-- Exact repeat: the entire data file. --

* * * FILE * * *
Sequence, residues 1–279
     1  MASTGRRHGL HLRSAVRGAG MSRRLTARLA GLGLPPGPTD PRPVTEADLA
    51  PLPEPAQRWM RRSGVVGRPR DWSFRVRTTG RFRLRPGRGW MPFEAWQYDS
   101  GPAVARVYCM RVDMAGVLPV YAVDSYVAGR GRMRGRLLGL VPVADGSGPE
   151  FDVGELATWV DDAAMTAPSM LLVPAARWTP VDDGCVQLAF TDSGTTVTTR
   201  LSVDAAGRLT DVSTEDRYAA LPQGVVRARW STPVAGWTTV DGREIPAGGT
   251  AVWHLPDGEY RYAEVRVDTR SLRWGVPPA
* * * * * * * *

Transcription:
Sequence, residues 1–279
     1  MASTGRRHGL HLRSAVRGAG MSRRLTARLA GLGLPPGPTD PRPVTEADLA
    51  PLPEPAQRWM RRSGVVGRPR DWSFRVRTTG RFRLRPGRGW MPFEAWQYDS
   101  GPAVARVYCM RVDMAGVLPV YAVDSYVAGR GRMRGRLLGL VPVADGSGPE
   151  FDVGELATWV DDAAMTAPSM LLVPAARWTP VDDGCVQLAF TDSGTTVTTR
   201  LSVDAAGRLT DVSTEDRYAA LPQGVVRARW STPVAGWTTV DGREIPAGGT
   251  AVWHLPDGEY RYAEVRVDTR SLRWGVPPA